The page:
RE: more dag questions and some answers

From: Robert W. Schramm ^lt;[email protected]>
Date: 01/11/04-04:41:59 PM Z
Message-id: <>

The Becequerrel process uses only iodine fuming. (I don't know why) It is
less sensitive than the mercury process. Exposure time may run up to 20
minutes. The plate is developed in red light and development may take
several hours. The iodine fuming is more complex than with mercury. Still,
the finished plates look just as good as the mercury plates (in my opinion)

The mercury processes requires iodine fuming followed by bromine fuming
followed by iodine again. It is much more sensitive. At f 5.6 and bright
sunlight, exposure can be 15 to 30 seconds. The plates are developed in
mercury vapor which is obtained by heating liquid mercury. Dipping thge
plate in mercury metal won't do anything . Maybe if you left the plate
suspended over a dish of mercury for a couple of weeks you might get some
development, I don't know. Forget the regular developer, this is a different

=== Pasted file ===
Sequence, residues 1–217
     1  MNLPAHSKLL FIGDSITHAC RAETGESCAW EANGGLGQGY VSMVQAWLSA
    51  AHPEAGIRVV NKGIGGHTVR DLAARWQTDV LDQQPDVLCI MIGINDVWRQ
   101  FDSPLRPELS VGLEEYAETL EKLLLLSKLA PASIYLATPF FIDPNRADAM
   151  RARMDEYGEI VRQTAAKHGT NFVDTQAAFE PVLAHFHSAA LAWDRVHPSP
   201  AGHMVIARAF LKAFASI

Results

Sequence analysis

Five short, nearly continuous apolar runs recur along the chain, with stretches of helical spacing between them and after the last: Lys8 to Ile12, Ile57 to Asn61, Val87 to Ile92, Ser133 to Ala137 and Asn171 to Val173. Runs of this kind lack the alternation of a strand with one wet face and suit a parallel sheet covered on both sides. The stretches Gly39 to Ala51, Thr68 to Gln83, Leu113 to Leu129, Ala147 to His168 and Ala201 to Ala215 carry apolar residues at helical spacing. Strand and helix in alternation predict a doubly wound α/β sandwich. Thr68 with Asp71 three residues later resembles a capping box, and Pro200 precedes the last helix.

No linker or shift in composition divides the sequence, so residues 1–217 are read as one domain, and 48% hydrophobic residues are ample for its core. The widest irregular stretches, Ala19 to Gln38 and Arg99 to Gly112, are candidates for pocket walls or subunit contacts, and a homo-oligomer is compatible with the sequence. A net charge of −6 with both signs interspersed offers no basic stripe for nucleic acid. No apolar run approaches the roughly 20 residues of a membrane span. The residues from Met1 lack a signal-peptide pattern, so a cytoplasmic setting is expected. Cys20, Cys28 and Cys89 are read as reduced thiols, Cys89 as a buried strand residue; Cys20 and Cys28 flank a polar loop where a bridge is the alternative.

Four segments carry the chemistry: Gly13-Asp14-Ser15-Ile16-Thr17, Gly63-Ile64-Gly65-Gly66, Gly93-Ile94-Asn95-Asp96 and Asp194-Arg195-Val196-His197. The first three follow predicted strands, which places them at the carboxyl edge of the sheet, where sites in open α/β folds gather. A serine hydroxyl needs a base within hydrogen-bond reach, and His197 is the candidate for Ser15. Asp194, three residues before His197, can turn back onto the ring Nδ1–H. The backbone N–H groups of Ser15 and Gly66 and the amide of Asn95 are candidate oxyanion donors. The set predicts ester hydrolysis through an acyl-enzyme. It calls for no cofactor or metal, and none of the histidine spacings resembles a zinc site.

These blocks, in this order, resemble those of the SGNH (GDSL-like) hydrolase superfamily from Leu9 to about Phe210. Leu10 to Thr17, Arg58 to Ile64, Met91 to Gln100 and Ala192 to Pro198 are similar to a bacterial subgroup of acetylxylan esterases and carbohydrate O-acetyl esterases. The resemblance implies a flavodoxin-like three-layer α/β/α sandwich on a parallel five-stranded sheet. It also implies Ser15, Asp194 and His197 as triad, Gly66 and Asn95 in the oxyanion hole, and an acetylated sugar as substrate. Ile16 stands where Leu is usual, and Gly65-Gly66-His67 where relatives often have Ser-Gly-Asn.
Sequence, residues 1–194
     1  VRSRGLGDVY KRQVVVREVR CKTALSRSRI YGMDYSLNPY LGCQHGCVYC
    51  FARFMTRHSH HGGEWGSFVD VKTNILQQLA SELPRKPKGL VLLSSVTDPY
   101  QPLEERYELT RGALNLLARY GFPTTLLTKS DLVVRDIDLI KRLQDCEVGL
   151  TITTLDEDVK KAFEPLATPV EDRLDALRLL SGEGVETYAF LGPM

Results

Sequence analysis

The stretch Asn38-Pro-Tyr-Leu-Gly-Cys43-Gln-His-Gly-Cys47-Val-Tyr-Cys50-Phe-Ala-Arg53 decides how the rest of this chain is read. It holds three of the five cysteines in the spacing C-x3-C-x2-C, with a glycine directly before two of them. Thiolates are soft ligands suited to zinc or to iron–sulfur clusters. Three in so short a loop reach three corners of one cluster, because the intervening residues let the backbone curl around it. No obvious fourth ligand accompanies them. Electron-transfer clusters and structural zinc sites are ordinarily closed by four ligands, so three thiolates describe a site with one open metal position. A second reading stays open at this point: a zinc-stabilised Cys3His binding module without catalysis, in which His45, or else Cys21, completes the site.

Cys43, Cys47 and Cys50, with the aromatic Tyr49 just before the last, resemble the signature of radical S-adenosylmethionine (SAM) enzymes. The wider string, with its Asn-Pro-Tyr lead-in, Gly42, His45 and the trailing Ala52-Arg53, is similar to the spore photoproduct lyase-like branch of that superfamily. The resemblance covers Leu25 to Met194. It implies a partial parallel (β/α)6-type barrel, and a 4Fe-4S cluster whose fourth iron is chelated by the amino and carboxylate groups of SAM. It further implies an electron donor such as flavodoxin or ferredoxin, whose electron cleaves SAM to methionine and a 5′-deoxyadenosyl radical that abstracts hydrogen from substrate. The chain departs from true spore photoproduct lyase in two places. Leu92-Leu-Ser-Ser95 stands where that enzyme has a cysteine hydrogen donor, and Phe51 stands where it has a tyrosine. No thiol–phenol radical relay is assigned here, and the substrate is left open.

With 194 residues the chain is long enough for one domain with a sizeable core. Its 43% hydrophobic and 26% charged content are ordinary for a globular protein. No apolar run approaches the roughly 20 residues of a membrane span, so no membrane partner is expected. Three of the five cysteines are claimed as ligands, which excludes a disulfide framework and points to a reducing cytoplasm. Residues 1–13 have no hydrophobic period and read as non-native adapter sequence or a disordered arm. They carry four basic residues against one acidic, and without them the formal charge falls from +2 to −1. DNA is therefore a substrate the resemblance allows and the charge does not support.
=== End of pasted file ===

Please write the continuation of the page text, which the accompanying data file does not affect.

process than silver/gel. Mercury process pates are fixed in hypo and washed.
I don't know about Becquerrel process plates.

A few years back I found a 150 mm f 2.8 Schneider lens. There must be more
out there somewhere. It cut my exposure times way down.

Bob Schramm

Check out my web page at:

>From: Stuart Plotkin <>
>Subject: more dag questions
>Date: Fri, 09 Jan 2004 22:53:06 -0500
>Do most of you making Daguerreotypes use the Becquerel method or do any use
>the mercury process. Is it true that the mercury process gives a better
>result, or does it depend on who you ask? Has anyone tried just dipping the
>exposed plate in mercury, that would be safer- I assume this has been tried
>and didn't work. What would happen if you use a conventional developer?
>Would you end up with a negative instead of a positive? Does anyone know
>why with the mercury process do you coat the plate with iodine, bromine and
>iodine but in the Becquerel process you use only iodine? Doesn't the
>bromine make the plate more sensitive? i was talking to my old chemistry
>professor at college about mercury fumes and perhaps constructing a closed
>system that does not allow any mercury vapor to be released, or perhaps a
>distilling apparatus that cools and condenses the vapors to be easily
>collected. He also said that sulphur acts like a sponge and will soak up
>any mercury vapor and turn it into!
> a harmle
>o you think?- Stu

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Received on Sun Jan 11 16:42:09 2004

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